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Anchors Away!

Sooner or later, when you own a boat, you will have to anchor.  You may want to fish, swim, dine, stay overnight or you may need to anchor due to inclement weather.

The first step in anchoring is to select the proper anchor. In spite of claims to the contrary, there is no single anchor design that is best in all conditions. On most pleasure boats, the three anchors you will find most are the fluke or Danforth type, the plow and the mushroom anchor.

Mushroom anchors do not have the holding power of a fluke or plow anchor and should only be used on small, lighter weight boats. A local marine supply store can help you select the proper anchor for your boat and for the waters in which you will be boating.

Anchors also must have something to attach them to the boat. This is called the anchor rode and may consist of line, chain or a combination of both. The whole system of gear including anchor, rode, shackles etc. is called ground tackle.

The amount of rode that you have out (scope) when at anchor depends generally on water depth and weather conditions. The deeper the water and the more severe the weather, the more rode you will put out. For recreational boaters, at a minimum you should have out five to eight times (5 to 1 scope for day anchoring and 6 to 8 to 1 for overnight) the depth of the water plus the distance from the water to where the anchor will attach to the bow. For example, if you measure water depth and it shows four feet and it is three feet from the top of the water to your bow cleat, you would multiply seven feet by six to eight to get the amount of rode to put out.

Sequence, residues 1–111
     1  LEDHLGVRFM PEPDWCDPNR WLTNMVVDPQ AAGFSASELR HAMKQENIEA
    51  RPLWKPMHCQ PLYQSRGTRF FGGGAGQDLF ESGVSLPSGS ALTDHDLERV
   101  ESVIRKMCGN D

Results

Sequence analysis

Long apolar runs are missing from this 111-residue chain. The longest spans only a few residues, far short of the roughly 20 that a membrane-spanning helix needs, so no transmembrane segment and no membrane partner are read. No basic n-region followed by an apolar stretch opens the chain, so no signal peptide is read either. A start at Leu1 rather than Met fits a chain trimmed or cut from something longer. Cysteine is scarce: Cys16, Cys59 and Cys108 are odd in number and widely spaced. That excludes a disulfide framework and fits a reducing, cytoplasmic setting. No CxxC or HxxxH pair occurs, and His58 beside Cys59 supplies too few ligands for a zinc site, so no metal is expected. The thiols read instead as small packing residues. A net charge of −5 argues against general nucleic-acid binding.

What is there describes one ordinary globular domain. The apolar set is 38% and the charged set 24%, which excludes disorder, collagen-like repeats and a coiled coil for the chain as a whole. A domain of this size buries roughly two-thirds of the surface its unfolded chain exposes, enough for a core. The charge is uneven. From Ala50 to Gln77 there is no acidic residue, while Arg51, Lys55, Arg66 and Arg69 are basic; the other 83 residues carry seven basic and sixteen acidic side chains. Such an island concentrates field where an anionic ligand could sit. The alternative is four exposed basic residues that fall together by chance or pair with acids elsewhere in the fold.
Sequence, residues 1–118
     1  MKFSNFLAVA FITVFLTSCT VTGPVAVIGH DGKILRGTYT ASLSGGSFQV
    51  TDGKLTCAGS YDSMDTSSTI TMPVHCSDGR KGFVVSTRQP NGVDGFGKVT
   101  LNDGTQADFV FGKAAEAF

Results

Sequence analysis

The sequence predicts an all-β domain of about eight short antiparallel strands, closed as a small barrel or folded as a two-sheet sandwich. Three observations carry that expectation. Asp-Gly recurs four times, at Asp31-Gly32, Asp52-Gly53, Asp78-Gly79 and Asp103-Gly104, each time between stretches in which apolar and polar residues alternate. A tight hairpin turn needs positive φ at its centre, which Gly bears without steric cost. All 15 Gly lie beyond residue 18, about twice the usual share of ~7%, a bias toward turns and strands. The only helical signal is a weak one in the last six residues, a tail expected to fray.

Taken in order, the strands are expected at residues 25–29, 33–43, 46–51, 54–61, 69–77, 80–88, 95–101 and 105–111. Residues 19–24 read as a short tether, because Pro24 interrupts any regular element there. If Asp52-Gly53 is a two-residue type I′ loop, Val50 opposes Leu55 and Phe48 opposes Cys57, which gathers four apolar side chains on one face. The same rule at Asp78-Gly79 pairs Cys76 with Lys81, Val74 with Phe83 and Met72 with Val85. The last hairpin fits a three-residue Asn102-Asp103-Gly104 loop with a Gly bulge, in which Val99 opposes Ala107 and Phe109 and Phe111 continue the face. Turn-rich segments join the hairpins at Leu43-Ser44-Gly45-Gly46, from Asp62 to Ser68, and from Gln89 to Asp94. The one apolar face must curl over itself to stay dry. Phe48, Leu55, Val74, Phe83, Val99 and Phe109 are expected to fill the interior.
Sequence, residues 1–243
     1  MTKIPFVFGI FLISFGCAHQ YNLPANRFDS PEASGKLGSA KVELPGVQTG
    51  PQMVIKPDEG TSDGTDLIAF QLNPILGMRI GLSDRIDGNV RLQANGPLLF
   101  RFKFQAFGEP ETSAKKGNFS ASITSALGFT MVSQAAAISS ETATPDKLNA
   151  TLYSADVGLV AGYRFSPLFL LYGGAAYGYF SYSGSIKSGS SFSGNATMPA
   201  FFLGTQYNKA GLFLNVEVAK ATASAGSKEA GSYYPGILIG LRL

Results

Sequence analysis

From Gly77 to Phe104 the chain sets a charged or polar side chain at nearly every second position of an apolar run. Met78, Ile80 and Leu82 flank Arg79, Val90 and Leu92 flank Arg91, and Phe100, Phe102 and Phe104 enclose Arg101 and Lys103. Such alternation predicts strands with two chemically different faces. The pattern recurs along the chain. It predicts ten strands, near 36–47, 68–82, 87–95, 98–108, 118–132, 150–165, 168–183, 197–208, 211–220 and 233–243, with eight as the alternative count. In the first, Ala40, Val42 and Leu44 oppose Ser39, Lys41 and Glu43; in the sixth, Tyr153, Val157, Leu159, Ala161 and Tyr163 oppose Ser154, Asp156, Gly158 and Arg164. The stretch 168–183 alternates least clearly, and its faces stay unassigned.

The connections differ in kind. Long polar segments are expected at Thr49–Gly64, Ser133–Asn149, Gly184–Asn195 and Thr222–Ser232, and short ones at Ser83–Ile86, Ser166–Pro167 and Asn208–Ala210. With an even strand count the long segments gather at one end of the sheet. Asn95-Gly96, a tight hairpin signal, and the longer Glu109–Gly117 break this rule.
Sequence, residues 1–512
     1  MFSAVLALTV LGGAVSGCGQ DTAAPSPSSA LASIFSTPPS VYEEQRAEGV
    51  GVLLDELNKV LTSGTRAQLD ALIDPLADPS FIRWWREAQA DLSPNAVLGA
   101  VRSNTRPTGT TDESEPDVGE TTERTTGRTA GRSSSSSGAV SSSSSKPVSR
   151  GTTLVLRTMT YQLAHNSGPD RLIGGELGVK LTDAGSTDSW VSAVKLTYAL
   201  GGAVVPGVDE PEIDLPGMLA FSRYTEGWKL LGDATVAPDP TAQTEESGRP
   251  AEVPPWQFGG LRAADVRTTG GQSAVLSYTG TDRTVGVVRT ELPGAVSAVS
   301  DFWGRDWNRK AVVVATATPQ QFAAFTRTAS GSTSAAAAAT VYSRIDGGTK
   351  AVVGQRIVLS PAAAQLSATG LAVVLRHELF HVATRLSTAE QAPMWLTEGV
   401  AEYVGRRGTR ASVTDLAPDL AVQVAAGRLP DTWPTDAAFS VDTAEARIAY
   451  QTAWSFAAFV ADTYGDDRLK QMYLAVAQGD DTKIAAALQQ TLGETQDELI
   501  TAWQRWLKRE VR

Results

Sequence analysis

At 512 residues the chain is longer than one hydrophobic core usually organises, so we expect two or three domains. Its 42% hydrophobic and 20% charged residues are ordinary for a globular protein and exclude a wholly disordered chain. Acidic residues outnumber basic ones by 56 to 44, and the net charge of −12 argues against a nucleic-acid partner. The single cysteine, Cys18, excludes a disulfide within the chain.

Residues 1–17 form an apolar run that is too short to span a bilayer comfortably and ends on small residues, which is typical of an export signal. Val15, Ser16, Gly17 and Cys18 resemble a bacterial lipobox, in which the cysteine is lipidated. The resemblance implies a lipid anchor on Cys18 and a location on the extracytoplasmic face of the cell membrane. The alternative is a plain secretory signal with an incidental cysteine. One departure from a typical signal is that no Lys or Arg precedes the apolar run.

Anchoring your boat securely is one of the most basic skills in boat handling. Learn to set an anchor right, with control and confidence, and we will all sleep easier. Anchoring poorly endangers not only your boat, but also the other boats anchored nearby. So, even if your anchoring technique is good, it is wise to review these tips.

If your anchor has not set securely or you have anchored on foul ground, there is a high chance of the anchor dragging. Even when this happens, an Anchor Buddy anchor weight will give the anchor another chance to dig in as it keeps the chain on the seabed.

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Boating Safety Course – Anchoring Your Boat.” Boating Safety Course – Anchoring Your Boat. Web. 13 June 2012.